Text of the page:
1 st quarter 2023 update – The economic crossroads!

I have had customers and carriers ask me what I think 2023 will hold.  I am on the fence and two relatively opposite and equally likely scenarios that I could see unfolding for the world, and in result our transportation industry here in the US.

But, first, a quick review on the 1st quarter so far.  2022 went out with a whimper.  The typical capacity squeeze and rate spikes just didn’t happen.  It waited until 2023.  The first week of January is more like what we are accustomed to seeing over the Christmas/New Years holiday.  I believe there are a few short term forces behind this.  First, this is a very common time of year for drivers to be off work and be with their families.  I do think this started around Christmas, but freight volume was so muted, the drop in weekly capacity through the US didn’t cause any issues.  As business got back underway at the very end of 2022 and the first week of 2023, the backlog of freight to move has built to the point that it is causing widespread shipping delays.  Another factor is the weather at the end of 2022 and first of 2023.  We saw a number of storms and widespread sub zero temps that hindered the movement of trucks that were on the road, leading to even less freight getting on the road.  It is looking like the weather will be relatively better across the US in the short term and many drivers are getting back on the road after an extended vacation over the holiday.  It looks like the delays and increased freight rates we are seeing usher in the new year will most likely be short-lived.

Which brings me to the crossroads.  We are really in between a rock and a hard place right now.  On one hand, inflation definitely needs to be addressed and brought under control.  On the other, we have a LOT of newer carriers that are over-leveraged from buying equipment at record high prices in 2021 and the first half of 2022 that are hanging on by a thread.  Addressing and taming inflation means lower freight rates and a higher number of trucking companies that don’t survive the year.  On the flip side, ignoring inflation and keeping interest rates low to encourage even more growth may keep a lot of companies in business, but runaway inflation could lead to economic disaster.  

The reason I am on the fence and feel we are at a crossroads is because I am not sure how many companies will survive the taming of inflation.  I could see the transportation industry weathering the storm and keeping enough capacity on the road to keep America moving.  In this scenario, rates will remain sluggish for at least 2023 and the record profits most trucking companies saw in 2021 will be long gone.  This is definitely the option I am pulling for.  Not because of the lower rates, but because it’s the most stable option for the future of our country and the world.  Which leads me to scenario #2…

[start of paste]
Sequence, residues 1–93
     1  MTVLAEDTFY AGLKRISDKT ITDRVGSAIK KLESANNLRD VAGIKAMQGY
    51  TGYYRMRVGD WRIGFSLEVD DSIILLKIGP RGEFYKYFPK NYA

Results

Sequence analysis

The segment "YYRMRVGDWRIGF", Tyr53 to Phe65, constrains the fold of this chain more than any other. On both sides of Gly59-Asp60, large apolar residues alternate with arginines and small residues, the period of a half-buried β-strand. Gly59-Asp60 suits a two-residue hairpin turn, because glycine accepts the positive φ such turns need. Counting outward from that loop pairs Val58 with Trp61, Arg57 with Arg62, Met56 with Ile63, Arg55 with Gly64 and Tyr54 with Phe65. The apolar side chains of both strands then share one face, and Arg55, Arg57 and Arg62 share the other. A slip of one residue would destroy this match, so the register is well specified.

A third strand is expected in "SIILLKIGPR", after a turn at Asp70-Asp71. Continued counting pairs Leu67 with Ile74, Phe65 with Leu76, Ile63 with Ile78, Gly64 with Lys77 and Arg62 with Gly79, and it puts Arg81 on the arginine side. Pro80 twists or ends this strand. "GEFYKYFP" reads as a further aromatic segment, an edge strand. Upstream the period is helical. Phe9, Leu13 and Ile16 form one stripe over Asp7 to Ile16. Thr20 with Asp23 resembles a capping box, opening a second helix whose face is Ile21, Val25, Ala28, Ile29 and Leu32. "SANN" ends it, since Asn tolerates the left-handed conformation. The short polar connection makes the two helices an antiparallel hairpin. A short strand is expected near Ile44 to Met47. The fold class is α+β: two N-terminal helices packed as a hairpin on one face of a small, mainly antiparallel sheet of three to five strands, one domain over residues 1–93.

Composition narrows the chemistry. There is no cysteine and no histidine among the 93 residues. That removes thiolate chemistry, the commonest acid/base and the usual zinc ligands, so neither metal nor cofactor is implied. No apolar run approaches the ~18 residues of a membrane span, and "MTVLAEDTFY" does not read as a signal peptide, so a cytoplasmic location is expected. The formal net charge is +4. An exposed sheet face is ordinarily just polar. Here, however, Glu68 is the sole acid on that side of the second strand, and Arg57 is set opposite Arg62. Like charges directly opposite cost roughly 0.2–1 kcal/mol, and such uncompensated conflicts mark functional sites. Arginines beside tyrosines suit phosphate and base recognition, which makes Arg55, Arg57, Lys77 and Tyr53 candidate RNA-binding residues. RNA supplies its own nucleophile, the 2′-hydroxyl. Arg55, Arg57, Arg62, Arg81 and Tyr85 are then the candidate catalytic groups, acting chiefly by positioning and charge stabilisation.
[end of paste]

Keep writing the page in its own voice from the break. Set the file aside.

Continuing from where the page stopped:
The other option is increased interest rates and lower freight rates will close the doors for a widespread number of trucking companies.  This is scary for a few reasons.  It will take capacity that will be much needed in the future off the road.  A snowball effect of increasing numbers of trucking companies going out of business will likely overshoot the demand for transportation services, which lands us exactly where we were in 2021.  With not enough trucks to move everything that needs to be moved.  This will lead to drastically increasing rates like we saw in 2021 and have a negative impact on slowing inflation.  Transportation inflation can definitely have an impact on the CPI and could force the Fed into even more interest rate increases than originally expected.  As they moved to tame the uptick in inflation, further increases in interest rates would like put more trucking companies out of business, causing further upward pressure on freight rates.  

So, we are definitely at a delicate point in history that will have an impact for years to come.  Hopefully we don’t end up fixing the inflation problem and creating 3 more in its place.